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Signage Without Signs? An Integrated Method

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Thursday 1st March, 2018

In-Pavement Signage at Cabot Circus

Signing has always been about function, it is what enables people to navigate their way through a system whether that be a building, transport hub or shopping centre, the end goal is the same - ‘what is here’ and ‘where you are’.

However, in recent years we’ve started to see a shift in the practice of wayfinding and signage, with architects and graphic designers teaming up to create new environments that utilise the common components of a building, using them to enhance the wayfinding system and unify designs. Gone are the days of working in isolation from one another.

To me this scenario makes perfect sense, as both a designer and fully paid up member of the public, a lot of the time I have to live with the results on a day-to-day basis of badly designed signage systems. Surely it is better that as a combined force we put our heads together, using our knowledge and expertise to create well thought out, beautifully executed signage systems.

Cabot Circus

Signage is no longer just a device to get us from A to B, it is now also seen as an expression of a built environment, lending itself to the architecture and in some cases becoming an art form in it’s own right. It’s less of an add on, more a crucial integrated component.

There are a few studios that are embracing this methodology such as the likes of Studio Myerscough, Pentagram and A Practice For Everyday Life.

The work being produced by these studios is bold, expressive, experimental. There is also a healthy interest in manufacturing methods, materiality and form that allows signage to sympathetically blend with the built environment it sits in, yet stand up in it’s own right. One such example is of the Seattle Library developed by Bruce Mau Design. Photos copyright of Bruce Mau Design

The signage was integrated seamlessly into the architecture of the building by using playful supergraphics, walls of colour, sandblasted "wordmarks" and an innovative use of materials. For the “Spiral” (the Collections Area) which was made up of garage-like ramps, they devised flexible “stack mats” made from die-cut rubber that could be picked up and moved to accommodate expanding collections. Photos copyright of Bruce Mau Design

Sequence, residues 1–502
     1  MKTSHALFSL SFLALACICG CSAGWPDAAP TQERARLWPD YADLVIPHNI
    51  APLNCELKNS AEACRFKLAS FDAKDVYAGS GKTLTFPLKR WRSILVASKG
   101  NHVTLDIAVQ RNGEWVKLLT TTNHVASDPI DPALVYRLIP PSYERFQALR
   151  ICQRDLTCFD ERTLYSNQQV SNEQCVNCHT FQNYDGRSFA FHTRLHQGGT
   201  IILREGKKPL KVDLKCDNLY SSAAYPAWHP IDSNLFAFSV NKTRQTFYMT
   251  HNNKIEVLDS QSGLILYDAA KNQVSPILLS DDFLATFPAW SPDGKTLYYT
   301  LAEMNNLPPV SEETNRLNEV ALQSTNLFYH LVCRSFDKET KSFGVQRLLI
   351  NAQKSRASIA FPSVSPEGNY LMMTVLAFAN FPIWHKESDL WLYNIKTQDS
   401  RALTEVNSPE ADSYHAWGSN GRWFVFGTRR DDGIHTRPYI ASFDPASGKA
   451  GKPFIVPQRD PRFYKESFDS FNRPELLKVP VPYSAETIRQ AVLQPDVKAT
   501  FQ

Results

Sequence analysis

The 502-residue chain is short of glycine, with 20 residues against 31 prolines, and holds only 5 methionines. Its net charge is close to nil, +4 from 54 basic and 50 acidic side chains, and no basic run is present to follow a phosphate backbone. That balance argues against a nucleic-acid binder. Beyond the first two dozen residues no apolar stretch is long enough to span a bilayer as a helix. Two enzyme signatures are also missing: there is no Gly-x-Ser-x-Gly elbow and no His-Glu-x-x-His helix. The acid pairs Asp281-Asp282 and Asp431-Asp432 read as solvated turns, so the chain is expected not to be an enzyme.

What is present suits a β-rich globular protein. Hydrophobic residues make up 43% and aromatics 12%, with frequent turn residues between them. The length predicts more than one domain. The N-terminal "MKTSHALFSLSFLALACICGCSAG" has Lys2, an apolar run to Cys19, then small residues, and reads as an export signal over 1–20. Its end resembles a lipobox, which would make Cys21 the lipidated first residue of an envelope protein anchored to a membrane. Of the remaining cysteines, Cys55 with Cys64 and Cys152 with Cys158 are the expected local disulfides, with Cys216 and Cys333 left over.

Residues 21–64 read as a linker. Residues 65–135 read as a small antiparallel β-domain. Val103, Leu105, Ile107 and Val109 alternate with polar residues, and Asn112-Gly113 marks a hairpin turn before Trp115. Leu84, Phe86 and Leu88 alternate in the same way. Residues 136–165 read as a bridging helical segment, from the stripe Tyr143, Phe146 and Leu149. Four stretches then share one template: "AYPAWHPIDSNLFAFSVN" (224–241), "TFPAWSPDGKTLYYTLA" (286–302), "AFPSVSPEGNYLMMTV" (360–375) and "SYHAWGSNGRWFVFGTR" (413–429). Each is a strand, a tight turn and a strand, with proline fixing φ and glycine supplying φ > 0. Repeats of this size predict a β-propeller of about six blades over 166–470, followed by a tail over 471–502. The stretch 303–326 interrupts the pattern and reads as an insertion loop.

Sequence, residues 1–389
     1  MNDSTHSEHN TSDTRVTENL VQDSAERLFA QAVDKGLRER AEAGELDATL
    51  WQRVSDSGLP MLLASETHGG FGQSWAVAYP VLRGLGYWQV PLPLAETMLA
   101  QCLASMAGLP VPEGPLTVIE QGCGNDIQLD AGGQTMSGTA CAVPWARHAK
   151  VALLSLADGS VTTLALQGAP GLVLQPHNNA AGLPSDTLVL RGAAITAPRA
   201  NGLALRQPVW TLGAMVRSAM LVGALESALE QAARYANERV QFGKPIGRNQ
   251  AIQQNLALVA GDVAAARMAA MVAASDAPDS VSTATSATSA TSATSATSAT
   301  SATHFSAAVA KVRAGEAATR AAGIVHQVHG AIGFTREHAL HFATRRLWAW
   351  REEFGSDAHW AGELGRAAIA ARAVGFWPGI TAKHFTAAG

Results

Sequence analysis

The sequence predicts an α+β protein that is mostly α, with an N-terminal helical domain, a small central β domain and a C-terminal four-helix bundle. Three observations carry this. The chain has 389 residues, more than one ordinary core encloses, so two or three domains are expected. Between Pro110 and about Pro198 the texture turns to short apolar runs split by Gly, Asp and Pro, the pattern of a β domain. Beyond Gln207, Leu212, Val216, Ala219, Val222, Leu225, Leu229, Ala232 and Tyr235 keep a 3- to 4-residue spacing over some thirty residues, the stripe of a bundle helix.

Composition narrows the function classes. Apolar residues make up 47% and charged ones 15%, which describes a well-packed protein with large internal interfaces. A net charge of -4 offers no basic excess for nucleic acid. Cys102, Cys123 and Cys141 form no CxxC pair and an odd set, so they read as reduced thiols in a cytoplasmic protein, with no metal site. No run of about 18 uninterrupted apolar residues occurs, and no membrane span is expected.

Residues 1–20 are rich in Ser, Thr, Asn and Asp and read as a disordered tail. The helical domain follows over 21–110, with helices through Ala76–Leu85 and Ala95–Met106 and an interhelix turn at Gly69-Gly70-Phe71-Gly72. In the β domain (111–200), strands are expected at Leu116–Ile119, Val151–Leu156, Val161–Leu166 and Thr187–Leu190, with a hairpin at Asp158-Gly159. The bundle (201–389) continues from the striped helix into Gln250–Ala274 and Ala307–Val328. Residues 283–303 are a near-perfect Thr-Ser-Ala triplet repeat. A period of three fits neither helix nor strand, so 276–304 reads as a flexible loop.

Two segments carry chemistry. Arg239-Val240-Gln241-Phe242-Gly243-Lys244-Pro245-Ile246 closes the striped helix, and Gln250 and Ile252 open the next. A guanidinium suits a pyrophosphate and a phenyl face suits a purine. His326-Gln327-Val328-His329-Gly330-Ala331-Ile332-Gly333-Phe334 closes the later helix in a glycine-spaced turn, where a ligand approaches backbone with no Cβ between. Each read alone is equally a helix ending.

Instead of increasing shelf space for reading, listening and viewing materials, they used digital storage technology to free up human space where visitors could interact with bothcultural knowledge and each other. Working with architect Rem Koolhaas and Seattle-based LMN Architects, Bruce Mau Design applied this experimental principle to every aspect of the creation of this new public space – including the actual design process. All major decisions were conducted with total transparency, with open meetings and televised presentations where input was sought from the public. Photos copyright of Bruce Mau Design

As a result their design scheme was unlike any sort of typical library signage seen before. It was more architectural with directional information integrated into the walls, floors and stairwells. Scale and the application of typography as a visual graphic was a key principle to convey the messaging. The system intertwines with the surrounding walls, embracing the modernity and clean lines of the architecture. For a library the very core purpose is about words and this signage scheme certainly makes the most of words. Photos copyright of Bruce Mau Design Photos copyright of Bruce Mau Design

Interestingly a statement from the studio resonates strongly with how a lot of libraries tired signage often ends up.

“It is not without heart-breaking irony that we acknowledge a near-total lack of legibility in our collective repository of typographic history – the typical library. In the beginning, there was one problem, books, and one solution, shelves. When you go into the library now, there are literally hundreds of signs and pieces of furniture provided to deal with each new format. Everything from magazines to DVDs has a cabinet, a users’ manual, an inventory, and an interface.

The result is a massive communication problem. While librarians themselves should be commended for their improvisational tactics, overall the patrons confront a constant meddle, with one organisational layer of information Scotch-taped over another. The time has come to imagine a new way.”

Words taken from Life Style by Bruce Mau

One thing for sure is that Seattle Library has set a precedent, where signage pushes boundaries, can be more expressive and not fall into the constraints of a photocopier and Scotch-taped scenario.

This is a very good example of how best to sign without the use of the ‘traditional’ styled signs that many of us are use to seeing and for that reason we think it’s great.

Helen Garley

Senior Graphic Designer

Maynard Design Follow Maynard on Twitter

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Further Reading & Links:

Society for Environmental Graphic Design - The global community of people working at the intersection of communication design and the built environment.  

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